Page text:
Following a wave of consolidation among food companies that has also spread to retail grocery stores,
agreed to buy
( KBL) for $42 a share, or about $3.6 billion in cash, the companies said Thursday.
, which owns a 55% stake in Keebler, has agreed to the deal, the companies said.
Battle Creek, Mich.-based Kellogg said it would assume an undisclosed amount of Keebler debt, and the companies expect the deal to close in the first quarter of 2001.
The deal pairs Kellogg, most famous for its breakfast cereals, with Keebler, the nation's second-largest maker of cookies and crackers. The combined food company would have $10 billion in annual sales and a branding infrastructure including the Keebler Elves, Tony the Tiger and Snap! Crackle! and Pop!
Kellogg said it expects to realize an increase in its cash earnings per share within a year.
"We are entering the next phase in the renewal of Kellogg," said Carlos M. Gutierrez, chairman and chief executive of Kellogg. "Combining with Keebler is a significant component of this advancement, but we also need to simplify our current Kellogg business, prioritize its resources, and refuel it with a return to previous levels of marketing investment."
Kellogg has had recurring trouble achieving its earnings expectations, while Elmhurst, Ill.-based Keebler has never missed, analysts said.
Kellogg also reported a 6.5% increase in its third-quarter earnings Thursday that matched the consensus estimate of analysts polled by
First Call/Thomson Financial
. But it warned that it "may be challenged" Wall Street's forecasts for the fourth quarter and said that growth in its earnings per share next year would be limited to "a mid-single-digit rate."
For the third quarter ended Sept. 30, Kellogg posted net income of $181.9 million, or 45 cents a diluted share, compared with net income of $170.8 million, or 42 cents a share, in the year-earlier quarter. The results exclude 1999 restructuring and disposition-related charges.
Third-quarter sales slipped 1.2%, to $1.85 billion, from $1.87 billion in the comparable 1999 period, and third-quarter volume was off 1.4%. Excluding the effects of foreign exchange, acquisitions, and divestitures, sales were up 1.1% and volume up 1.3%, the company said.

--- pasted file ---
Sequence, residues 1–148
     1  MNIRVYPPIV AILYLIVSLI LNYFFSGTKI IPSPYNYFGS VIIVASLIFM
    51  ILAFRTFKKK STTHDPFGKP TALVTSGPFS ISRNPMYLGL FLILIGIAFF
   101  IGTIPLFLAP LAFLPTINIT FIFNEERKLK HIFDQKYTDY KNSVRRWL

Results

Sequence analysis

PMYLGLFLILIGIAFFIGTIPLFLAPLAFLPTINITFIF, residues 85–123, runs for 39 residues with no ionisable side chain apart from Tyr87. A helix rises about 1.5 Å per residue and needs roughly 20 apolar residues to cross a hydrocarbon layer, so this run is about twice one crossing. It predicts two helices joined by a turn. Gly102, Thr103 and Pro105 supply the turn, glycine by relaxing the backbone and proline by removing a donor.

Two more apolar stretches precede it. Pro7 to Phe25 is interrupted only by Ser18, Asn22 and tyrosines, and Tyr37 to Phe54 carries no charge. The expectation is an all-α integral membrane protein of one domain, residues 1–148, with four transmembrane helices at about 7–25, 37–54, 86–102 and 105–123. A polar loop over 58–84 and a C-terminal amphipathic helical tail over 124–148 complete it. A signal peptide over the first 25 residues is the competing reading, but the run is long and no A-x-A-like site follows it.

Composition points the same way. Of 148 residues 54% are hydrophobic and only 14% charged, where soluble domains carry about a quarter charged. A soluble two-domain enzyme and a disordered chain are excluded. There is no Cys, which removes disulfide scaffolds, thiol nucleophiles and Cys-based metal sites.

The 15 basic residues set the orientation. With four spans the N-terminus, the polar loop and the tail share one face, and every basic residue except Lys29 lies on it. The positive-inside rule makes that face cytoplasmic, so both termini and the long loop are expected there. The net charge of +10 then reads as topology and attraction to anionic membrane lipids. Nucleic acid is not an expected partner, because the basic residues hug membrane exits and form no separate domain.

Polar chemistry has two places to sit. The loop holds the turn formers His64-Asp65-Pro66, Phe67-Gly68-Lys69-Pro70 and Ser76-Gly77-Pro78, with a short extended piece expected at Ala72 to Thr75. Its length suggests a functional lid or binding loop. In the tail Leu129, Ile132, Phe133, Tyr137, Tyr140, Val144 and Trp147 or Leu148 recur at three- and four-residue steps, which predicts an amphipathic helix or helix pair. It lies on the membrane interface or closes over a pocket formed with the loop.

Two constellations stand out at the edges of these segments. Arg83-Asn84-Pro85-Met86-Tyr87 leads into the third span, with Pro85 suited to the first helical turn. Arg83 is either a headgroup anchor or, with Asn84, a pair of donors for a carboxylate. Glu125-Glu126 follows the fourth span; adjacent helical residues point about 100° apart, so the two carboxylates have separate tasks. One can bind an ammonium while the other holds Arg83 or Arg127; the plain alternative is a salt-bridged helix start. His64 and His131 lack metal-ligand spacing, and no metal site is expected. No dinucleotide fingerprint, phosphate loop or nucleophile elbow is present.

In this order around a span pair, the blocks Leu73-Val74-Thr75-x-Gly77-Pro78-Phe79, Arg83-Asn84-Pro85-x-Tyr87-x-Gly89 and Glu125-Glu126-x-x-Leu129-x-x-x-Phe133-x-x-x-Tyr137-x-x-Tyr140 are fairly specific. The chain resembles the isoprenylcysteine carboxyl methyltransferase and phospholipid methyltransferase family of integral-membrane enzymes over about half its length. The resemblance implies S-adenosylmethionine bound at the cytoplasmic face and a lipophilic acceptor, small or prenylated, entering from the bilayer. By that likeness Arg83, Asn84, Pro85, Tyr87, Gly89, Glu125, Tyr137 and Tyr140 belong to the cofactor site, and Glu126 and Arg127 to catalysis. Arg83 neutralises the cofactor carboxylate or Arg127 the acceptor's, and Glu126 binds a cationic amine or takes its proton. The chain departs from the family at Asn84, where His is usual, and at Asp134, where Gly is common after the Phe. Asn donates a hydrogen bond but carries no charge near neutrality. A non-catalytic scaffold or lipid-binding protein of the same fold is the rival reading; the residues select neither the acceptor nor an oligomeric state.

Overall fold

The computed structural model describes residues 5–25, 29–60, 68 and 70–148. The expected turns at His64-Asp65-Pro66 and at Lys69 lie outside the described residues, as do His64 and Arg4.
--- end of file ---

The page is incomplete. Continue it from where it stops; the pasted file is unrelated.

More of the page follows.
Kellogg said it expected sales growth to accelerate next year.
Keebler and Flowers have been exploring the alternatives for the food company, including a possible sale, since July.
"Flowers had a profitable investment in Keebler and a problem investment in Mrs. Smith's" said Leonard Teitelbaum, analyst for
. "Flowers wanted to get rid of the company."
Flowers said it would spin off to its shareholders a new company, Flowers Foods, consisting of its
Mrs. Smith's Bakeries
businesses. After deducting certain liabilities at Flowers, the company's management said it estimates that cash proceeds of approximately $12.50 per share will be paid to Flowers shareholders. In addition to those proceeds, each Flowers shareholder will receive shares representing a proportionate interest in Flowers Foods.
For Thomasville, Ga.-based Flowers, the options now seem to be growing the baking business or positioning itself as a cash-bloated acquisition target, Teitelbaum said. For Kellogg's integration of the profitable Keebler business, several questions remain unanswered, including the fate of Keebler management, he said.
Teitelbaum rates Kellogg shares neutral and Flowers shares accumulate. His firm participated in a recent distribution of shares for Keebler and has done no other recent underwriting for any of the parties.
Other recent food industry mergers include
in June and
( NA) shortly thereafter.
Kellogg finished Thursday regular trading up $1.56, or 7%, at $24.31; Keebler finished up $1.06, or 3%, at $40.44; and Flowers Industries ended down $2.31, or 12%, at $16.25.